This week I'm sharing what was extremely helpful in packing up, driving 1200 miles and unloading my mom's home in a week. I don't suggest doing it on your own at that pace, but if you have the right crew, here are some helpful tips to get you through the tough bits:

1. Declutter before the move: Generally, you don't decide to move overnight. There is always some lead time and most people think they will just "deal with it" when the move happens. Save yourself some stress by purging everything you know you no longer need, use or are inspired by as soon as you know you want to move. This is a trick I've used with people I've worked with who weren't even planning on moving, they just knew the current space wasn't "home". Strong signals go out when we stir up the stagnant energy in our homes, I've had many a client who ended up moving before we finished our work together. It's all about intent. Don't let not knowing where to bring your unused stuff be an excuse to not do it, shoot me an email if you really have no idea how to get the stuff out of your house and I'll share my favorite donation and pick-up services. Check out the info below about how the Container Store is helping folks declutter over the last 2 weekends of April.

 

2.  Plan a day to pack the kitchen: Back in January, I helped my mom take 3 carloads of stuff from her kitchen to Goodwill. I would have needed 2 days to pack the kitchen had we not taken this step 10 weeks prior to the move. We never would have had the time to bring anything else to Goodwill if we waited. I started packing the kitchen at 9:30 am and finished about 12 hours later, and I was working at a good pace. I learned my lesson the hard way 8 years ago when we moved. I thought that packing up the kitchen last was a smart idea, keep using the kitchen up until the end. Wrong. We ended up exhausted, not able to finish in the wee hours of the morning of the move and ran out of good boxes. The result? Almost all of my wedding gifts were destroyed in the move. While it may seem inconvenient to "close the kitchen", the alternative is much, much worse.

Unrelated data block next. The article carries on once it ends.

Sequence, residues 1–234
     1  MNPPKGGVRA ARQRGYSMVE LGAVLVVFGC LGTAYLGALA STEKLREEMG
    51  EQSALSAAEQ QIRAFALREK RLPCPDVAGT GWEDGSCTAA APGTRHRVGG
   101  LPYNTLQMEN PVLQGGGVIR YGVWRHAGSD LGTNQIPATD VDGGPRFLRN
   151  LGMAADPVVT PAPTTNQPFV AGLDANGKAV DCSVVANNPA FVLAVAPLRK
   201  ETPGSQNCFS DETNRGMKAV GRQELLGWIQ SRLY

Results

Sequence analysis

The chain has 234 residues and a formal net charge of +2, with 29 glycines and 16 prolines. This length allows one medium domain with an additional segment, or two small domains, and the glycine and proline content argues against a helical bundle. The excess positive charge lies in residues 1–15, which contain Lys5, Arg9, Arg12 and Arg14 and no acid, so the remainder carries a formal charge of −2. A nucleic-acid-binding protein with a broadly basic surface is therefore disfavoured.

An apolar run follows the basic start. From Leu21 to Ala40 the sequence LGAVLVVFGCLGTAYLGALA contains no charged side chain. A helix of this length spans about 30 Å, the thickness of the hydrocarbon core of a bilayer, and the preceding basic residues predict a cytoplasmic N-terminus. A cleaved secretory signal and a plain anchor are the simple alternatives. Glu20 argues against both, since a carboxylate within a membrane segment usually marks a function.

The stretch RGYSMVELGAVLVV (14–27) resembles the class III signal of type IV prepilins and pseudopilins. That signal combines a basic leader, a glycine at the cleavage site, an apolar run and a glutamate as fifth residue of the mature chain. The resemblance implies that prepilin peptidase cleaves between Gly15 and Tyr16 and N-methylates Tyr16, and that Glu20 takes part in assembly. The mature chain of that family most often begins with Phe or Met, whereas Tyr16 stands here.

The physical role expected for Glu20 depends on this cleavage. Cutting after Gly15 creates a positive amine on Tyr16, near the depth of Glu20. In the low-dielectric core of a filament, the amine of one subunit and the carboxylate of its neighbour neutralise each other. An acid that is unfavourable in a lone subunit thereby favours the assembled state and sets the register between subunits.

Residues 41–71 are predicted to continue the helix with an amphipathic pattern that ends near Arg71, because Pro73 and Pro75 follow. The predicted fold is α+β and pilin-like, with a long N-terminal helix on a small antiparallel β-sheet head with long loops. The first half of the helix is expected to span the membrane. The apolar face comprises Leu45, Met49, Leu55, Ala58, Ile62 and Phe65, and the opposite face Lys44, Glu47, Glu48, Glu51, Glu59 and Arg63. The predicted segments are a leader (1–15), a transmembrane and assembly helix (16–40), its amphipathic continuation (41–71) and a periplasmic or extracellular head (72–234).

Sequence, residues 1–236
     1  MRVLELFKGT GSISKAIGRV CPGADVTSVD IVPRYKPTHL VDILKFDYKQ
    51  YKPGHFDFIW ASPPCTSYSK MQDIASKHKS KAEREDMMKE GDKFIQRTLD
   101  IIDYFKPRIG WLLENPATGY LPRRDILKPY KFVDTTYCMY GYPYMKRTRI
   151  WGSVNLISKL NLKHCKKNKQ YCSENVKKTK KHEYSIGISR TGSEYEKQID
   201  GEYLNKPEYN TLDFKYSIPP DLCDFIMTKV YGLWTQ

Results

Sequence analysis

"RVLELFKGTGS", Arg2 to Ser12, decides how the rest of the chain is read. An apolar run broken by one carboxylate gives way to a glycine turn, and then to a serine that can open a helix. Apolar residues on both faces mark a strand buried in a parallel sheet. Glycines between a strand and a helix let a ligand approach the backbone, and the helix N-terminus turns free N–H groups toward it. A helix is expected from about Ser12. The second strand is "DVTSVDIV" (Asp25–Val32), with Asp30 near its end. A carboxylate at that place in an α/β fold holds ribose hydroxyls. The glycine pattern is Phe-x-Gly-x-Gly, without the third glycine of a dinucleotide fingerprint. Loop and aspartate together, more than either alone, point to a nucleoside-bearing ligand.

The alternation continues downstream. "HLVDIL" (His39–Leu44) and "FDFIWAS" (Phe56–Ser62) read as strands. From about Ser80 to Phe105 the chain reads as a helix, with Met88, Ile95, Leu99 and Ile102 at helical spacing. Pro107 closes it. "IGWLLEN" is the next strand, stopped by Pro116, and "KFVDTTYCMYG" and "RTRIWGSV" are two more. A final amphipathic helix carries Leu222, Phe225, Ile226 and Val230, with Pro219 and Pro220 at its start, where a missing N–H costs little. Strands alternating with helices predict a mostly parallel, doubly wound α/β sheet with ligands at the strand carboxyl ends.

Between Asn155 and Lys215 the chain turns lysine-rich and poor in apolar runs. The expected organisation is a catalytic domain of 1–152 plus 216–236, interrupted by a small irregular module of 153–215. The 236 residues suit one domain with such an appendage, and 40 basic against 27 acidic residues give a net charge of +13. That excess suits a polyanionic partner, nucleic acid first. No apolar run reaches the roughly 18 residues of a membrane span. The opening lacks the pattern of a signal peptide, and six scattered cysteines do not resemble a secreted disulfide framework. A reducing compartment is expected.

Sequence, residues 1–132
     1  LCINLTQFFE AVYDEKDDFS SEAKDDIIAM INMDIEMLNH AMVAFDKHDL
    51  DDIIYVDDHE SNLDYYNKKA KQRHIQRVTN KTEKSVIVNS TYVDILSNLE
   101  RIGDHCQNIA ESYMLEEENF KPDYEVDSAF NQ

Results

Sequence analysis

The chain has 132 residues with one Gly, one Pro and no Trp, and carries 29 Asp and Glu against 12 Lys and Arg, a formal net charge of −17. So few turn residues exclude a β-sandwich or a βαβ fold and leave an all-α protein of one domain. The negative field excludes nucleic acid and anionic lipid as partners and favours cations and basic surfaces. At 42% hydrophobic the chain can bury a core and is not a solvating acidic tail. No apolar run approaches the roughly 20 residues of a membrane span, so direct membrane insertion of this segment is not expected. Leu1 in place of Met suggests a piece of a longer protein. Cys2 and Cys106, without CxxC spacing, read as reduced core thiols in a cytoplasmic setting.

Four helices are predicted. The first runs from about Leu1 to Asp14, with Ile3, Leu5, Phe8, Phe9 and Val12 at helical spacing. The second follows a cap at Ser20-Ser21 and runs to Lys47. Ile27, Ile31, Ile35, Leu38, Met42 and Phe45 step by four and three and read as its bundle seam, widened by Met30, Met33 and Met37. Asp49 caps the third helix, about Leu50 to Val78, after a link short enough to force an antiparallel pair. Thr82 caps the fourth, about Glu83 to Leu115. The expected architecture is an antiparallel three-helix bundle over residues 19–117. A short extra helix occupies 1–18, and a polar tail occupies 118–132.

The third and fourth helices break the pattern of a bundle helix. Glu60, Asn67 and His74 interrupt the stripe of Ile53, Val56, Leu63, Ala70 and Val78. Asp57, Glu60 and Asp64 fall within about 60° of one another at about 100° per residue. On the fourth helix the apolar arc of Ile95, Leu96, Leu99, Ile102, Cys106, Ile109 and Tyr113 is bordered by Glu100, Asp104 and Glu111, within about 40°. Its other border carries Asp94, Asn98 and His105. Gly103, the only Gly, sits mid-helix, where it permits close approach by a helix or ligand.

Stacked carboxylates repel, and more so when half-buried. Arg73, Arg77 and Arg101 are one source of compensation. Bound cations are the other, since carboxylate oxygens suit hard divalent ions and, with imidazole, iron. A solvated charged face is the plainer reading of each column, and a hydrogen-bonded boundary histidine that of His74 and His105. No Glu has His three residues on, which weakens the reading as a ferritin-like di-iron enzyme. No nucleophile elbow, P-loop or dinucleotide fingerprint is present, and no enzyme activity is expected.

3. Use small boxes and label each box: Get your boxes from the liquor store. They are free, they are sturdy and if you pack them with heavy items, no one throws out their back. Create codes for the outside of each box and write it on each side of the box. K for kitchen, LR for living room, you get the idea. This is helpful not only for you while unpacking, but whoever is helping you move, doesn't have to ask where you want everything. You just explain the codes before they bring the boxes in. I do take the extra step and write a few keywords of the contents of the box as well so I can find the important stuff without having to deal with miscellany.

Moving is filled with emotional and physical stress. With these 3 simple steps, you can make make your move a bit easier.  

 

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